Wood Costs Have Remained Unchanged for Canadian Pulp Mills in 2009 Despite Tighter Wood Chip Supply,
The pulp industry in Canada has sharply reduced production the past two years both as a result of weaker pulp and paper markets worldwide and also because of less competitive pulp manufacturing facilities. Wood costs have increased for many plants as the result of reduced availability of relatively inexpensive sawmill residuals, according to the North American Wood Fiber Review.
[USPRwire, Thu Nov 12 2009] Wood fiber supply to Canadian pulp mills has shifted from lower-cost residual chips from local sawmills to higher-cost wood chips manufactured from roundwood. The low operating rates for many sawmills has decreased the availability of relatively inexpensive residual chips, which has forced many pulp mills to either reduce production or to furnish their mills with high-cost fiber.
Lumber production in Canada has been substantially lower in 2009 as compared to earlier years. However, production levels in both western and eastern Canada are probable close to the bottom, and with the US lumber market predicted to improve in the latter half of 2010, Canadian sawmills are likely to be running at higher operating rates a year from now.
Because lumber production has declined by about 50% over the past three years but pulp production has only fallen by 25%, many pulp mills throughout the country have increasingly had to rely on more expensive chips manufactured from roundwood.
Residual chip prices, in Canadian dollars, have stayed practically unchanged the past three quarters through all provinces of Canada, according to the North American Wood Fiber Review. In British Columbia and Alberta, where softwood residual chip prices are often linked to the market pulp price (NBSK), fiber prices reached bottom this summer and are likely to move up in the 4Q. In the Eastern provinces, wood chip prices have remained flat this year while roundwood costs have declined slightly and were in the 3Q, 5-8% lower than a year ago.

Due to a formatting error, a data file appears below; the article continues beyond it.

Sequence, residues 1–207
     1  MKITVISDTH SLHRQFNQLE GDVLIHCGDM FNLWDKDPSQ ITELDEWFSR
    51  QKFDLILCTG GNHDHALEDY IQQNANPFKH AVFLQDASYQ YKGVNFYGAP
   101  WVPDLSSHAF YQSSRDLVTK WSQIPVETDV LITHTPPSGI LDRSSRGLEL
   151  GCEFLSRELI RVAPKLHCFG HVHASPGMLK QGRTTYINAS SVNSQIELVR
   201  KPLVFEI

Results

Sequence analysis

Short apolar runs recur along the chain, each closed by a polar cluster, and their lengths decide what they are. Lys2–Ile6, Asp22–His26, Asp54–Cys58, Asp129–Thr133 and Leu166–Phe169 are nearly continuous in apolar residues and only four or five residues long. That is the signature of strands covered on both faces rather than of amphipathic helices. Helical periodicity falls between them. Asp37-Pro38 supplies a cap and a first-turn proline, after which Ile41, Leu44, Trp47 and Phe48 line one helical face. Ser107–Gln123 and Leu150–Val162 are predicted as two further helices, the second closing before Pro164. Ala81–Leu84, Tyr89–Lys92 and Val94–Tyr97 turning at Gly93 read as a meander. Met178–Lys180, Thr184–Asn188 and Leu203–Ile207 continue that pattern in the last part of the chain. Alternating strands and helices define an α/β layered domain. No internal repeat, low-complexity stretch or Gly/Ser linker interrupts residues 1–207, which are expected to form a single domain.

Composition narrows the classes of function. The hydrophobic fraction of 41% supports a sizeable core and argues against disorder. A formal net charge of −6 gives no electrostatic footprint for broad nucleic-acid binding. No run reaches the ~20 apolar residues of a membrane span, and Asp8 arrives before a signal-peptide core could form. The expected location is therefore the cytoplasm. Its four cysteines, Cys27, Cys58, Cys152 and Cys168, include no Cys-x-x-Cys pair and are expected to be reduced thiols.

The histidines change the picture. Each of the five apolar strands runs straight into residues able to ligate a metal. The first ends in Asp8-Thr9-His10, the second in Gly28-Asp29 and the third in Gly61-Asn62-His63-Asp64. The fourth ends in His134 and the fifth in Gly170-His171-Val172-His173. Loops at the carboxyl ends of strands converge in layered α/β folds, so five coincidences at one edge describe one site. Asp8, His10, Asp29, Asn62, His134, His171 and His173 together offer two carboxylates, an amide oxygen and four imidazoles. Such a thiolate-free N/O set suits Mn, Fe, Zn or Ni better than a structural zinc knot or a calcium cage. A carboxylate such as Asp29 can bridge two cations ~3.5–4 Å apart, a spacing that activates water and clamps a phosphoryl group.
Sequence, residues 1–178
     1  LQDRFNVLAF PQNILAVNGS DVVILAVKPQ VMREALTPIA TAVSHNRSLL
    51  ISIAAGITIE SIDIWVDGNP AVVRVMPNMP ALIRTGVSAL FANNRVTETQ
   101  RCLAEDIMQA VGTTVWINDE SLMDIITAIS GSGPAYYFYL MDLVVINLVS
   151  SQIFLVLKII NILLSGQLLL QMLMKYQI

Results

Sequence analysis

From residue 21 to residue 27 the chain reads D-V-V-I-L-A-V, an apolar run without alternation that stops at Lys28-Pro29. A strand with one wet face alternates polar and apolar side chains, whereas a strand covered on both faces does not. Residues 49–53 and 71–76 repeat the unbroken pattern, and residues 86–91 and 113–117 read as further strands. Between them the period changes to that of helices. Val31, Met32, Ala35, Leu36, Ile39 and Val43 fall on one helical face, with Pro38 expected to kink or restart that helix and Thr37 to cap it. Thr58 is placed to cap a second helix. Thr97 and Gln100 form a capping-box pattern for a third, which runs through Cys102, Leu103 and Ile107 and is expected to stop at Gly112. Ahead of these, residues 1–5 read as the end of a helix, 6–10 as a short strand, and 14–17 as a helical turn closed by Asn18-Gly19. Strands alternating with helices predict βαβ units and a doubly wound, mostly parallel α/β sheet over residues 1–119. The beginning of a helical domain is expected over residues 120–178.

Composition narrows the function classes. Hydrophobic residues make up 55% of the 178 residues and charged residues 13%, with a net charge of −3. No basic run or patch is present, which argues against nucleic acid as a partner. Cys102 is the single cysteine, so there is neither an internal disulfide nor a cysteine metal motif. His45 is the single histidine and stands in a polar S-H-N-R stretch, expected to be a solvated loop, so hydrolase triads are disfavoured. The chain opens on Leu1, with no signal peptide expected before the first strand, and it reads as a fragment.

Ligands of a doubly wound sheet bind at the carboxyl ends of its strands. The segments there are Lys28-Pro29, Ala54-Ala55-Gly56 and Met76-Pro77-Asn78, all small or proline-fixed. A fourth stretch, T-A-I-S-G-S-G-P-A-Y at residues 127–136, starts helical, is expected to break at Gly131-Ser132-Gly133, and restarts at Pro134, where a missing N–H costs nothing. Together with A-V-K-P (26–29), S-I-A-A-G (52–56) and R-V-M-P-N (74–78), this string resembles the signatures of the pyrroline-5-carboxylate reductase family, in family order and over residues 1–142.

Many Canadian paper companies sell their products into the US market and are therefore competing with the US domestic pulp and paper manufacturers. Pulp mills in Eastern Canada have been at a big disadvantage the past few years, partly because of having substantially higher wood fiber costs. In the 3Q/09, pulp mills in Eastern Canada had approximately 70 percent higher conifer fiber costs than the low-cost region of North America, the US South. As a result, many pulp and paper mills in Ontario, Quebec and the Maritime Provinces have been forced to reduce production more than other regions of North America the past 12 months.
Pulpwood and wood chip market updates are included in the 24-page publication North American Wood Fiber Review. The report, established in 1982 and with readers in most of the large forest companies in North America, tracks wood chip and pulpwood prices in 15 key markets of the US and Canada.
Contact Information : Wood Resources International LLC, Hakan Ekstrom, email@example.com, www.woodprices.com
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